The soldiers lowered their guns and said they couldn’t shoot him. The colonel was enraged and tried several times to ride his horse over him, but each time the horse turned aside. Two soldiers were ordered to run him through with their bayonets. One of them knocked him down and stabbed the backpack he was wearing – the other soldier didn’t want to take his life.
A week later at the battle of Gettysburg, the colonel who tried to have him executed, died himself in battle. Two days later William Hockett was taken prisoner by Union troops, who sent him to Philadelphia, and the Quakers there helped him get to relatives in Indiana. When the war ended, he came home to North Carolina, and found his wife and family safe, even through Johnston’s army had passed through his farm twice.
This kind of suffering was common among the Quaker families of North Carolina during the war.
Stanley Pumphrey records another case, where two Quaker brothers were arrested for evading the draft, and sent to an artillery company at Kinston, about halfway between Raleigh and the coast. The commanding officer said that unless they would bear arms, or pay for a substitute, or do non-combatant work, they would be imprisoned without food or water until they obeyed.
The brothers were in jail for four days and five nights without bread or water, and many people came to look at them through the bars. One night it rained, and it says they “could easily have procured water through the window of their cell to slake their thirst. Their first impulse was to do so, but they concluded they had better not.”
The commanding officer at first suspected that people were smuggling food into the jail, but when he heard that they hadn’t even caught the rainwater to drink, he gave them food and water again.
A month later, a different officer told them that if they wouldn’t fight, he would put them out in front of the army at the next battle, so that they would stop the bullets and save the lives of some of the Confederate soldiers. The young Quaker men said they would rather suffer than do what they thought was wrong.
They were tied together with forked poles chained to their necks, like slaves, and heavy weights were tied to the ends, and they were marched for hours while the soldiers mocked them. Three times they were tied up by their thumbs. Another time the officer ordered them to be bayoneted, and though one brother was badly wounded, neither one of them was killed. After six months, another Quaker paid their exemption money and they were released.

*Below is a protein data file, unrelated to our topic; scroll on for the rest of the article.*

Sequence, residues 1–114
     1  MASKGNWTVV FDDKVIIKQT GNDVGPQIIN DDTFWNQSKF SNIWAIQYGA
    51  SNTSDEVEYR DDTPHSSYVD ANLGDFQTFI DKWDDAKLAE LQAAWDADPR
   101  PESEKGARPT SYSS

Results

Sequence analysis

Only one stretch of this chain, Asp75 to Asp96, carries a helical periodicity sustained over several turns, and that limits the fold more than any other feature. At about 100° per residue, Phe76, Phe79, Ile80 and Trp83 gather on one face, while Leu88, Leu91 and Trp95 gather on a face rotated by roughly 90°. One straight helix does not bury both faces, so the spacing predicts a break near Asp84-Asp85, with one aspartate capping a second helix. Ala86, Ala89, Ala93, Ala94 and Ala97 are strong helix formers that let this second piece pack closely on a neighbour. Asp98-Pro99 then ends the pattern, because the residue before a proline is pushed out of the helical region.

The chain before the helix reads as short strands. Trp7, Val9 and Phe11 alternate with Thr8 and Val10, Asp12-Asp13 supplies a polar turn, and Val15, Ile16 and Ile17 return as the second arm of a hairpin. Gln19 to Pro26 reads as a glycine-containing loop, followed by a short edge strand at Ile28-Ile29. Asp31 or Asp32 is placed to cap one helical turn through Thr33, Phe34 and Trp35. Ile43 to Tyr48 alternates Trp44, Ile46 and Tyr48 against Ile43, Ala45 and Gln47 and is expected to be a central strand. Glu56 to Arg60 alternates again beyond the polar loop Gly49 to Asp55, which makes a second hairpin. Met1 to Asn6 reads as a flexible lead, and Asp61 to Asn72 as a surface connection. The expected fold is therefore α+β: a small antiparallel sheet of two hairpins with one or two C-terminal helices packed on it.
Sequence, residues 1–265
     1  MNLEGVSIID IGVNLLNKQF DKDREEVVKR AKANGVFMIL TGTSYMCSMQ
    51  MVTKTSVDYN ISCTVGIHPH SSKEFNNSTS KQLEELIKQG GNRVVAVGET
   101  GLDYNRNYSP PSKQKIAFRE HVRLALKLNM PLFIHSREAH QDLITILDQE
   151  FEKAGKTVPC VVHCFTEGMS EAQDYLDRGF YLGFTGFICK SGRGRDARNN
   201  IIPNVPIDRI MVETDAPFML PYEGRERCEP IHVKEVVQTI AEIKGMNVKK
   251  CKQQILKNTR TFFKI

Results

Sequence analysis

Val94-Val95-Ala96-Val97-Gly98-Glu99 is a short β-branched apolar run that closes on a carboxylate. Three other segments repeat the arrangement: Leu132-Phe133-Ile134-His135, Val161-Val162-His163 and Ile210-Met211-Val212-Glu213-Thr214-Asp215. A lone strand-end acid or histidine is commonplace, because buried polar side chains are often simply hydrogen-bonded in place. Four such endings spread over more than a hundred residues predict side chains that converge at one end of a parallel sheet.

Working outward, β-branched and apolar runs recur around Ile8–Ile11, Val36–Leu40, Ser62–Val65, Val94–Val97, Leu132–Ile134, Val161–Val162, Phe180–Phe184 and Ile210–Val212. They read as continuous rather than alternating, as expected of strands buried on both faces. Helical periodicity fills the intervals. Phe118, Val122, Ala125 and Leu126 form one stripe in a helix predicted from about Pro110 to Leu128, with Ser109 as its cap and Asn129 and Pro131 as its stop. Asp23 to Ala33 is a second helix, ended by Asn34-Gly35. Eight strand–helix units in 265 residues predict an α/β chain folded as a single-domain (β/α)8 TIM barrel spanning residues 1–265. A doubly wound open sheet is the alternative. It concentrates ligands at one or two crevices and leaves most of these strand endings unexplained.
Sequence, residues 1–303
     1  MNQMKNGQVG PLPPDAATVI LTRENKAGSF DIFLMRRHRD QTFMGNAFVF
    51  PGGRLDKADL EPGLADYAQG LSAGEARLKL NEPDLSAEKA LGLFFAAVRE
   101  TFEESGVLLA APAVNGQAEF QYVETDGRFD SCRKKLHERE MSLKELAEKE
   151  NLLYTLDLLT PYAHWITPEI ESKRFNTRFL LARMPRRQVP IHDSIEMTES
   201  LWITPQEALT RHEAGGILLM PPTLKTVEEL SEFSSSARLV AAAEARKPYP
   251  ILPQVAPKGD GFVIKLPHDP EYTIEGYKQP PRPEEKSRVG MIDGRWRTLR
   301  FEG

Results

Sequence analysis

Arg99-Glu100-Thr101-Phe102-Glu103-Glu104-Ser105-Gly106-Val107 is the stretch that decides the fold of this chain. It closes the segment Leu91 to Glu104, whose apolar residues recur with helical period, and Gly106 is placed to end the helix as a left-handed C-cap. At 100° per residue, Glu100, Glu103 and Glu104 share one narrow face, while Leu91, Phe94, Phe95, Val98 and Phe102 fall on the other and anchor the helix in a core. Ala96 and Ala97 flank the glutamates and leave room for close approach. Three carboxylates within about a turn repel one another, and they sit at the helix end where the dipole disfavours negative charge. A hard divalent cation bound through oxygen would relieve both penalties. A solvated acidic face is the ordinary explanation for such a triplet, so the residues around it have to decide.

Stanley Pumphrey says that when he talked with these young men, and wrote down their stories, their eyes filled with tears as they testified to the Lord’s goodness through all their trials. When they came before the officers, they said they remembered the words, “It shall be given to you in that same hour what ye ought to speak.”
These were North Carolina men. These were Quakers. These were people who are related to us, spiritually and physically.
Stanley Pumphrey records the story of several young Quaker men who, when they refused to help load a wagon with feed for the army mules, were tied together, tied to a cart, and dragged for miles through water and mud. The officer said that if they still refused, they should be thrown into the river.
Allen Jay got in trouble with the draft himself, up north in Indiana. He was told to show up for training, or pay for a substitute. He refused to do either, and the officials were going to sell all his farm animals and equipment at auction to pay for the exemption.
Allen and Martha Jay refused to cooperate with the official who was arranging to auction off their farm and ruin them, but then at noon they invited him to come in and share their dinner with them, and they even fed his horse. The official said, “If you would get mad and order me out of the house, I could do this work much easier. I tell you, it’s hard work!”
After the war, Allen Jay met men from North Carolina who fled to the mountains to avoid the draft. He said that they could look down and see their wives working in the fields, trying to keep their families from starving. Some of the men sneaked down at night to do what work they could, and a few of them put on women’s clothing and came down and risked arrest to work in the fields. The women at home, says Allen Jay, would suffer severe punishment rather than tell where their men were hiding.
And years later, Allen Jay describes sitting by the bedside of a dying Union veteran back in Indiana, who said that he had helped to destroy the home of a North Carolina Quaker family – taking all their livestock, carrying all the household possessions down into the yard and destroying them.
Allen Jay told the dying soldier that he knew the family and had often stayed with them, that their children were all grown up and that they were all Christians. The soldier begged Allen Jay to ask the family to forgive him, and prayed that they would meet in Heaven.
These are the kind of incredible stories – stories of faith, stories of suffering, stories of witnessing to the love and power of Christ – which were commonplace here in this area. They’re part of our heritage, and it’s amazing to me that these stories aren’t being learned by heart and told and re-told to our children.